Dozens of sperm whales mingled noisily off Sri Lanka’s northeast coast, stacked as far down as Tony could see. Some two thirds of the sperm whale population was wiped out during the peak of industrialised whaling in the twentieth century. But commercial whaling was banned in 1986, and this kind of major gathering could be ‘a sign that populations are recovering’, says Tony.

Canon EOS 5D Mark III, 15mm f/2.8 lens, 1/250sec at f/6.3, ISO 800, Zillion housing + Pro-One optical dome port

Contemplation – Winner 2017, Animal Portraits

© Peter Delaney/Wildlife Photographer of the Year 2017

Totti couldn’t have tried harder. For more than an hour, he posed, gestured and called to entice one particular female down from the canopy, but nothing worked. It was only when he finally flopped down, worn out with unrequited love, that Peter had his chance. “He lay back, hands behind his head, and rested for a moment, as if dreaming of what could have been,” Peter said.

Fujifilm X-T1, 50–140mm, 1/75sec at f/2.8 (–1.3 e/v), ISO 3200

Crab surprise – Winner 2017, Behaviour: Invertebrates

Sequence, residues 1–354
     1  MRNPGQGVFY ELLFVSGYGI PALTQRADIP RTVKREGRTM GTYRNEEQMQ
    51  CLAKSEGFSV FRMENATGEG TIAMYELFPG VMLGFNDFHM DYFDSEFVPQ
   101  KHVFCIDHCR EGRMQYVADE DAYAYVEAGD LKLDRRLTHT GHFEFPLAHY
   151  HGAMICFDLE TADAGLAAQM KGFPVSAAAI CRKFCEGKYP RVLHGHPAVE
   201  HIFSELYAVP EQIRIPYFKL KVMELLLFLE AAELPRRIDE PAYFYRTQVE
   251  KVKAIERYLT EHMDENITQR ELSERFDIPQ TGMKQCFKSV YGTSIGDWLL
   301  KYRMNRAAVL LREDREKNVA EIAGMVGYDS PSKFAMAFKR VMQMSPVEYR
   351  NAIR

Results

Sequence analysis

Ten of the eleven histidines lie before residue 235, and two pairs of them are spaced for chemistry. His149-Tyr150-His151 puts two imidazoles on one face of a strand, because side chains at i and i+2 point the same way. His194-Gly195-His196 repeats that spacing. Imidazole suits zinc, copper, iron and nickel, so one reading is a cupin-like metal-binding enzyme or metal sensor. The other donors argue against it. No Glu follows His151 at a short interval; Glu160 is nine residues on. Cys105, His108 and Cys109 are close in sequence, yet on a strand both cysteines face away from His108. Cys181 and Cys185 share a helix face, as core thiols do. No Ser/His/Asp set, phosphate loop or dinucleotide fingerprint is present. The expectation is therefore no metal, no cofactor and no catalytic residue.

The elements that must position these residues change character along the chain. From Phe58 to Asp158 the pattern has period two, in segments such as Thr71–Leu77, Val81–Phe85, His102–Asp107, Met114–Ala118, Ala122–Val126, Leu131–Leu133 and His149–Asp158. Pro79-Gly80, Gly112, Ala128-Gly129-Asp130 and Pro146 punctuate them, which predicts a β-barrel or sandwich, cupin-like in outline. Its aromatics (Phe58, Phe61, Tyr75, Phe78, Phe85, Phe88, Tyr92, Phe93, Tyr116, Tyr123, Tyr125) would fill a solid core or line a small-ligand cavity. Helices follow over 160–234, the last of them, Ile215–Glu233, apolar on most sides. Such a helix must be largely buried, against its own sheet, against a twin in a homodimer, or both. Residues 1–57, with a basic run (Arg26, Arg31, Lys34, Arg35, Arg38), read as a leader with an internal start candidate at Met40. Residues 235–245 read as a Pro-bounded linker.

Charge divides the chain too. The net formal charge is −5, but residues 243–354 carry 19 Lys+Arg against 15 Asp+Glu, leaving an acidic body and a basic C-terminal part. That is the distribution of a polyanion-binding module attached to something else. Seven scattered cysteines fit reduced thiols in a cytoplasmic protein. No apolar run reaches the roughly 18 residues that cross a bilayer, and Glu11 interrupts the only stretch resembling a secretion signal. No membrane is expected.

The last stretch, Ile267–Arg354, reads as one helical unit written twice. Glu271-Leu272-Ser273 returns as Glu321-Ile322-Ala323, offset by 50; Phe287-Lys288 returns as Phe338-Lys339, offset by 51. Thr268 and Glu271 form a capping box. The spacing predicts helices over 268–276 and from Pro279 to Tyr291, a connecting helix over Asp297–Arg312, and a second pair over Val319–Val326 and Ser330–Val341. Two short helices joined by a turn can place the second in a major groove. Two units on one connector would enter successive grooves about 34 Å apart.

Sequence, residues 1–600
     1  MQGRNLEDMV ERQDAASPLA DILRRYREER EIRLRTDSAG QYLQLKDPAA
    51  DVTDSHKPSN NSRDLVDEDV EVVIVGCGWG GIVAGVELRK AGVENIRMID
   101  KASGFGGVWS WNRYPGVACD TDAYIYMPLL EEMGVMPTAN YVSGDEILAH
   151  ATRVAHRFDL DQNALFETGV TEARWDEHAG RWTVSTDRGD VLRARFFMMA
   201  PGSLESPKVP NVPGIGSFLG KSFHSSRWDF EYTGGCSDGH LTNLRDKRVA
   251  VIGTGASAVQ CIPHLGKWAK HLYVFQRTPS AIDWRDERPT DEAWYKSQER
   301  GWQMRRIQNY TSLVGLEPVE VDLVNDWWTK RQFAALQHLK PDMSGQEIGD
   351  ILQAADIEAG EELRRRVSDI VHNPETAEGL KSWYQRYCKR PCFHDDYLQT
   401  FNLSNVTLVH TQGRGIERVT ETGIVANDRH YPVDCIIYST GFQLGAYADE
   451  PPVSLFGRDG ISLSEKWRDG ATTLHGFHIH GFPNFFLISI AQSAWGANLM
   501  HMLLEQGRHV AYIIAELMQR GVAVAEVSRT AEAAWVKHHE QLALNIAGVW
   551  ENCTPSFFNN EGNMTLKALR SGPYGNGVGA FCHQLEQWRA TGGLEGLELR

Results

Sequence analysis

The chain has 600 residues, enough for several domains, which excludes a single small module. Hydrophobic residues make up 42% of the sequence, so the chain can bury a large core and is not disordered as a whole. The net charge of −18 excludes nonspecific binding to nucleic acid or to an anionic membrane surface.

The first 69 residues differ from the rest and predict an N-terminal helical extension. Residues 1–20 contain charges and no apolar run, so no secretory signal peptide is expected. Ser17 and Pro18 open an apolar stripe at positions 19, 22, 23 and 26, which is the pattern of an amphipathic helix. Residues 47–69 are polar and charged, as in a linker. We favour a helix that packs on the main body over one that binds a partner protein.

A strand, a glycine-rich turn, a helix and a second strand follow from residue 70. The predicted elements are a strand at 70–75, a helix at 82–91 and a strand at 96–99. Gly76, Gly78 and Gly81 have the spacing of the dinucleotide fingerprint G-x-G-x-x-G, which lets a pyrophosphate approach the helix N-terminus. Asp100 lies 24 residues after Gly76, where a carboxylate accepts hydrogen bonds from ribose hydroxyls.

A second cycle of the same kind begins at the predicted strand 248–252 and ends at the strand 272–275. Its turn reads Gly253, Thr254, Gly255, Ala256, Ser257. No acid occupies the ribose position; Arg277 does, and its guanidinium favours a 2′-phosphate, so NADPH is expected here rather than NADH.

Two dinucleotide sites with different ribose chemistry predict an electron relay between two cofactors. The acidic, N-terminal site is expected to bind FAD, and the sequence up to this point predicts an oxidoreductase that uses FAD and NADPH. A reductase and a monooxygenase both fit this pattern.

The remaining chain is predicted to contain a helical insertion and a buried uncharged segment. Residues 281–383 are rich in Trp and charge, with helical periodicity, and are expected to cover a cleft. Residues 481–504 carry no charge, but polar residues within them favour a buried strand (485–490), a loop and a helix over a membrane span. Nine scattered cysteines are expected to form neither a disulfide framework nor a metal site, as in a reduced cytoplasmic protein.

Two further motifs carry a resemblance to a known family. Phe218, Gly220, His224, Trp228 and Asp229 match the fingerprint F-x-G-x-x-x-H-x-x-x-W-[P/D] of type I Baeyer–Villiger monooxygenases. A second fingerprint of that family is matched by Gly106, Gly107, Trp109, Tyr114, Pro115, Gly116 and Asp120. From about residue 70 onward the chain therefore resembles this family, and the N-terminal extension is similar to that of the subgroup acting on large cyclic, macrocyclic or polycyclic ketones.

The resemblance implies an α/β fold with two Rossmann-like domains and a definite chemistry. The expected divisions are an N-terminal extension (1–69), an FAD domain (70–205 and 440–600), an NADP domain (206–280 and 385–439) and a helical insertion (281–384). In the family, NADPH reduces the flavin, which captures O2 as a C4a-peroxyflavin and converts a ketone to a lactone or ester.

© Justin Gilligan/Wildlife Photographer of the Year 2017

Out of the blue, an aggregation of giant spider crabs the size of a football field wandered past.  Justin was busy documenting a University of Tasmania kelp transplant experiment and was taken completely by surprise. “About 15 minutes later, I noticed an odd shape in the distance, moving among the writhing crabs,” said Justin. It was a Maori octopus that seemed equally delighted with the unexpected bounty.

Nikon D810, 15mm f/2.8 lens, 1/100sec at f/14, ISO 400, Nauticam housing, two Ikelite DS161 strobes.

Polar pas de deux – Winner 2017, Black and white

© Eilo Elvinger/Wildlife Photographer of the Year 2017

From her ship, anchored in the icy waters off Svalbard, in Arctic Norway, Eilo spotted a polar bear and her two-year-old cub in the distance, slowly drawing closer. Mirroring each other, with back legs pressed together (cub on the right), they tasted the stained snow in synchrony. Mindful of the species’ shrinking habitat – climate change is reducing the Arctic sea ice on which the bears depend – Eilo framed her shot tightly, choosing black and white to ‘reflect the pollution as a shadow cast on the pristine environment’.